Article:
Bamiyan Buddhas, the popular pilgrimage destinations stood for more than 1,000 years, until the Taliban destroyed them in 2001.
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Borobudur Temple, Indonesia
Located on the island of Java, the
Borobudur Temple complex was built during the Syailendra Dynasty between the eighth and ninth centuries. It was an important place of worship until sometime between the 10th and 15th centuries, when it was inexplicably abandoned, only to be rediscovered in the 19th century.
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Hohensalzburg Castle, Salzburg, Austria
An imposing medieval castle and fortress, the
Hohensalzburg castle was built at the behest of the prince bishops (bishops who also ruled principalities) in the late 11th century. Set atop a steep, conical rock, the castle has never been captured by foreign troops.
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Khiva, Uzbekistan was once a major town on the Great Silk Road. Believed to have been founded by one of Noah’s sons, Shem, the city quickly became an important center of Islam with 94 mosques and 63 madrassahs.
MehmetO // Shutterstock
Kizhi Pogost, Kizhi Island, Russia
On an island in Lake Onega lies a group of wooden buildings known as the
Kizhi Pogost. The centerpiece of these buildings is the Church of the Transfiguration, a Russian Orthodox house of worship, which is rumored to have been built with a single ax and without a single nail.
Irina Borsuchenko // Shutterstock
Cliff Palace, Mesa Verde National Park, Colorado, USA
At one point, it was believed that 100 people lived in the 150 rooms and 23 kivas (rooms for religious rituals) located in
Cliff Palace. One of the best-preserved examples of the cliff-side homes inhabited by ancient Pueblo people, the palace is made of sandstone, mortar, and wooden beams.
Zack Frank // Shutterstock
Old City Prague, Czech Republic
Historic Prague is one of the only examples of a medieval urban city that exists on earth. Set along both banks of the Vltava River, the city hasn’t fallen victim to any large-scale renewals or demolitions, which means it remains, largely, exactly as it did during the 11th-18th centuries.
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Forces of erosion and large quantities of volcanic material are responsible for the mountain ridges, valleys, and “fairy chimneys” that give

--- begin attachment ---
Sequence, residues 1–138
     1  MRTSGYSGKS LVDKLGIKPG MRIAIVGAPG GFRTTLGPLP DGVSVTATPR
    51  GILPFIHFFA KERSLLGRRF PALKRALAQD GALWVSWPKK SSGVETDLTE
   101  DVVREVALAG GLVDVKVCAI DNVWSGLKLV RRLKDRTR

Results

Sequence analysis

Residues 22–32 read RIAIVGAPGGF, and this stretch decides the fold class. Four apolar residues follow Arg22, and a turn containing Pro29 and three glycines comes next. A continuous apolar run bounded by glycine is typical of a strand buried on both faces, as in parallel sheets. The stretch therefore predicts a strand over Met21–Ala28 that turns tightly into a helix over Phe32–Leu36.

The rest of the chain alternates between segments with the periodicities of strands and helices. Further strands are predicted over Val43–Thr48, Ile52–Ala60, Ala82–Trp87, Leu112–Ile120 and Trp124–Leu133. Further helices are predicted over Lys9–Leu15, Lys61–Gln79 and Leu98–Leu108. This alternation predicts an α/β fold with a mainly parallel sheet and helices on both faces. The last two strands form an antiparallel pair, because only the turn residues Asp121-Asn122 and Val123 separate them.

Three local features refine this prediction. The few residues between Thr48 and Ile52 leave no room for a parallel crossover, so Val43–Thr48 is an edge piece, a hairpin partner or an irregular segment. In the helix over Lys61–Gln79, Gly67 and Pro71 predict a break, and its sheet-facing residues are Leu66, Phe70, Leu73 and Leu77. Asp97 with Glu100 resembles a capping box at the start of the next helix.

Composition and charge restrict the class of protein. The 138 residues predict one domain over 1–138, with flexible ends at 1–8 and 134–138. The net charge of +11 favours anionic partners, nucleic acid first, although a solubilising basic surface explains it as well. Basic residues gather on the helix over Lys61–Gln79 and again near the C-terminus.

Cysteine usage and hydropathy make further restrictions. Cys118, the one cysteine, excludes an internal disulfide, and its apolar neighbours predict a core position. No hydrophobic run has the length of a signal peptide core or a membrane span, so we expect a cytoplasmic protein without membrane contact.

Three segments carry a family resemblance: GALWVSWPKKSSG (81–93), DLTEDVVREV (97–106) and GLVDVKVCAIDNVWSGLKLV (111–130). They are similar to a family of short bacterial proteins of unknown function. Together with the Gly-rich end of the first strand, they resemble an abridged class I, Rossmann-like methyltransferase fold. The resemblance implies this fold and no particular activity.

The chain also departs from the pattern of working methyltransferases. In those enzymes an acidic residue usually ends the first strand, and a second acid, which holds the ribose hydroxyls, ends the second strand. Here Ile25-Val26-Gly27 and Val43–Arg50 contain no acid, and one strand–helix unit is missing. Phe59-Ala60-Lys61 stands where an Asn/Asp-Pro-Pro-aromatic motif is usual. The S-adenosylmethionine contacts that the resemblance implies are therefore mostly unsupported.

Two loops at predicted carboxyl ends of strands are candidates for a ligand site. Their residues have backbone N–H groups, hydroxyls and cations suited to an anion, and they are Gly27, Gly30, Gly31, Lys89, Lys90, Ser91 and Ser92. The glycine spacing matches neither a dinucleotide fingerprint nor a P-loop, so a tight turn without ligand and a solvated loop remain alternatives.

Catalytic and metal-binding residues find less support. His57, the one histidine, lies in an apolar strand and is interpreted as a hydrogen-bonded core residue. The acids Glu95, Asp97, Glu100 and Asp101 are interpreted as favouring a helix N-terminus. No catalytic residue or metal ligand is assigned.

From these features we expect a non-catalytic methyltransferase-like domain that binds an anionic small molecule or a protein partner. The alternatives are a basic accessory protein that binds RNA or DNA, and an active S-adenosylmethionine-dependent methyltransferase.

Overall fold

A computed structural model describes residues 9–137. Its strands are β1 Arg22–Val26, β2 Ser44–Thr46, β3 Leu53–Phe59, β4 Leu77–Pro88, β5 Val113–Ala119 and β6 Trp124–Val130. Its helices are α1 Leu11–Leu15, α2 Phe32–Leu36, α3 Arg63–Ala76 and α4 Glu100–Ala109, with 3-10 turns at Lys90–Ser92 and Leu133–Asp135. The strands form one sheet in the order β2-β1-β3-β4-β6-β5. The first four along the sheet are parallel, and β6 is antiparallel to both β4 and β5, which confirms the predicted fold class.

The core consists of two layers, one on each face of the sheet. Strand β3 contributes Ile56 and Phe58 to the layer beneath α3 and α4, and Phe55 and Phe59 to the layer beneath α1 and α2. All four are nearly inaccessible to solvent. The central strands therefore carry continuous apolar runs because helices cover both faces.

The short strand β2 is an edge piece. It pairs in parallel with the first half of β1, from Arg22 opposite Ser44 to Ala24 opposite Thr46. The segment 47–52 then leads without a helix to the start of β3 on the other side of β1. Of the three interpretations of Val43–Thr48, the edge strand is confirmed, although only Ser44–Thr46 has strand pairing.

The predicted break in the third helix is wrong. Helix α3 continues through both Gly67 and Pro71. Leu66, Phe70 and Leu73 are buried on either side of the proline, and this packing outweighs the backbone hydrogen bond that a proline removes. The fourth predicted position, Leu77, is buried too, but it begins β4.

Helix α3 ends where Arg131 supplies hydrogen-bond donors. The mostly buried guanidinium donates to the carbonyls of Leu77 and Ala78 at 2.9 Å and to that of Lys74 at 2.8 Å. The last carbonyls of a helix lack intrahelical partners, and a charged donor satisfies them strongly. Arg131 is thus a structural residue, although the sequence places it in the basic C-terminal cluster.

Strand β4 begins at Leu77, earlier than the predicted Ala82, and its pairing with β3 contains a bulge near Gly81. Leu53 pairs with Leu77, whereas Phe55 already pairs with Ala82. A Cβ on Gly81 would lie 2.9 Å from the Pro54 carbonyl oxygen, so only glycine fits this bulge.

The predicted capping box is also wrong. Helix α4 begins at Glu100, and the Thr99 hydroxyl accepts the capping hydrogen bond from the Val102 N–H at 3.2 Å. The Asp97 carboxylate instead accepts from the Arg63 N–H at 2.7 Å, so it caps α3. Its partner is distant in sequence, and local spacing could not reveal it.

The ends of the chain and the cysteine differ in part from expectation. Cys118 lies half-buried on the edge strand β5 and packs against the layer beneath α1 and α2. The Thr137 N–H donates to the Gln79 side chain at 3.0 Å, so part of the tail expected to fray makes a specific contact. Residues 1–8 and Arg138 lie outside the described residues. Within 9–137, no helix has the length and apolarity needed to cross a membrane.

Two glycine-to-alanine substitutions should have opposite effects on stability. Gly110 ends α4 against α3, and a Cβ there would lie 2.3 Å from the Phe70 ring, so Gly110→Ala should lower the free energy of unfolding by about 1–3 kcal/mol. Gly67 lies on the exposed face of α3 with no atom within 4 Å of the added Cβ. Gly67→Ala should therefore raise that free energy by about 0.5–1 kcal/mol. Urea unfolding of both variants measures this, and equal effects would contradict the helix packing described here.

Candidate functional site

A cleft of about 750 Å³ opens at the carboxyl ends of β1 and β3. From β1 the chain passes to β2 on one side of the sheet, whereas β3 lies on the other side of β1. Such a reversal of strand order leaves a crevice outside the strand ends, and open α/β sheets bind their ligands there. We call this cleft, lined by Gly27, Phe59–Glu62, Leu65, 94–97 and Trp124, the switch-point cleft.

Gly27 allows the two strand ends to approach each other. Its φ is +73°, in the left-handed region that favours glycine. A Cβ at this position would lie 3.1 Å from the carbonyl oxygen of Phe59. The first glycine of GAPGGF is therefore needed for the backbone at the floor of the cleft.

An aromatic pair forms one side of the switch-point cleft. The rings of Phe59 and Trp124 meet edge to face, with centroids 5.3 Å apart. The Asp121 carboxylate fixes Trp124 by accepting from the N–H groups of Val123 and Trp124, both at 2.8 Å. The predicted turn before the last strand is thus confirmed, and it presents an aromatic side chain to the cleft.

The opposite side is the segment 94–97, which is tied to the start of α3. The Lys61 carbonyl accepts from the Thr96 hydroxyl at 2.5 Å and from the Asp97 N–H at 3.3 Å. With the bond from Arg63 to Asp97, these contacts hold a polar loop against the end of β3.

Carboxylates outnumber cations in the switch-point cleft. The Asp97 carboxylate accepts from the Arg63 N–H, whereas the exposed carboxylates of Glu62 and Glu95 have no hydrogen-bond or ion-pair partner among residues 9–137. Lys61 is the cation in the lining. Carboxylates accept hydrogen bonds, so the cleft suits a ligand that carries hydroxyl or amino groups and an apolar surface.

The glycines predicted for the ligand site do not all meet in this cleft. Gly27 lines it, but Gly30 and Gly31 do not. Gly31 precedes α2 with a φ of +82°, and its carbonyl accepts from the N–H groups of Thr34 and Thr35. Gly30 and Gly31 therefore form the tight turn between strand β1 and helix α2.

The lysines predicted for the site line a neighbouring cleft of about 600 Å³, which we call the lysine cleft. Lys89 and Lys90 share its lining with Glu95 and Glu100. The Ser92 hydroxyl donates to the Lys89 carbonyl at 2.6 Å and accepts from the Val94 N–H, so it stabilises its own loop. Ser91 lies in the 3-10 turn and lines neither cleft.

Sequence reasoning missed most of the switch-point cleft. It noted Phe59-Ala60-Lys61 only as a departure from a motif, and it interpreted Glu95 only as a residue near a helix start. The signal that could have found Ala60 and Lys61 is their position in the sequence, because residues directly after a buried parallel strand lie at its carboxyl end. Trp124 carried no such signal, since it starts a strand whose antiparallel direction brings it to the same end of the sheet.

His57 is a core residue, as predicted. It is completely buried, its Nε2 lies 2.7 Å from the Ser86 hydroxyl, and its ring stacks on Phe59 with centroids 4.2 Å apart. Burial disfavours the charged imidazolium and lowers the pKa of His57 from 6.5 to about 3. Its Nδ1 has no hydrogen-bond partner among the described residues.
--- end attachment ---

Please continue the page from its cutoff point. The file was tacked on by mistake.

Cappadocia, Turkey, its unique landscape. The area, which is often visited by hot air balloon tour, is home to several underground cities and churches that are carved directly into the rock.
Thingvellir, Iceland, is the only place in the world where the rift between the North American tectonic plate and the Eurasian tectonic plate is above sea level. This unique geological attribute has lent the area a sacred feeling, and, as a result, some of the biggest moments in the country’s history (like its renunciation of the Norse pagan belief system for Christianity, and its declaration of independence from Denmark) have taken place here.
Nido Huebl // Shutterstock
Struve Arc Triangulation Point, Hammerfest, Norway
Friedrich Georg Wilhelm von Struve, a German scientist, used a chain of survey triangulations—which begin in Hammerfest, Norway, and end in the Black Sea—to help establish the exact shape and size of the earth. Stretching through 10 countries, these 34 station points (called the
Struve Geodetic Arc) are an incredible example of global collaboration in the name of science.
Mikhail Varentsov // Shutterstock
Eiffel Tower, Paris, France
The undisputed symbol of France,
the Eiffel Tower is 1,023 feet tall. The “Iron Lady,” as she is often called, receives over 7 million visitors each year, the vast majority of whom are international travelers.
Tupungato // Shutterstock
Taos Pueblo, New Mexico
The only living Native American community to be dubbed a UNESCO World Heritage Site and National Historic Landmark,
Taos Pueblo is believed to be one of the oldest continuously inhabited settlements in the United States. For over 1,000 years, the Taos Indians have lived in these adobe dwellings, and most of the current buildings were constructed between 1000 and 1450 AD.
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Alberobello, Puglia, Italy
Alberobello, in the Puglia region of Italy, has the highest concentration of trulli houses anywhere in the country. The round dwellings are made of limestone boulders and
topped with dome-, pyramid-, or cone-shaped roofs made of limestone slabs.
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Itsukushima Shinto Shrine, Miyajima, Hiroshima
Deemed one of the most scenic spots in all of Japan, Miyajima is a holy place in the Shinto religion, dedicated to the gods that protect people from sea disasters and wars. The earliest shrines on the island were built around the sixth century, but
the enormous torii gate (and its companion shrine pavilion) that are there today were built more recently in the 12th century.
Korn Pongsakorn // Shutterstock
Our Lady of the Rocks, Kotor Bay, Montenegro
In the Bay of Kotor, Montenegro there are two small man-made islands. One of them,
Our Lady of the Rocks, boasts a Catholic chapel built in 1722 that houses a 15th-century icon of the Virgin Mary.
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No city in the world boasts as many artistic riches as
Venice, Italy. Almost every building in the 118-island city contains works by visionaries like Titan, Veronese, and Tintoretto.
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Ha Long Bay, Vietnam
More than 1,600 limestone islands and islets dot
Ha Long Bay in Vietnam. Most of these islands are uninhabitable and have been essentially unaffected by human interference, meaning that a wide variety of flora, fauna, and animal life that can’t be found anywhere else flourish here.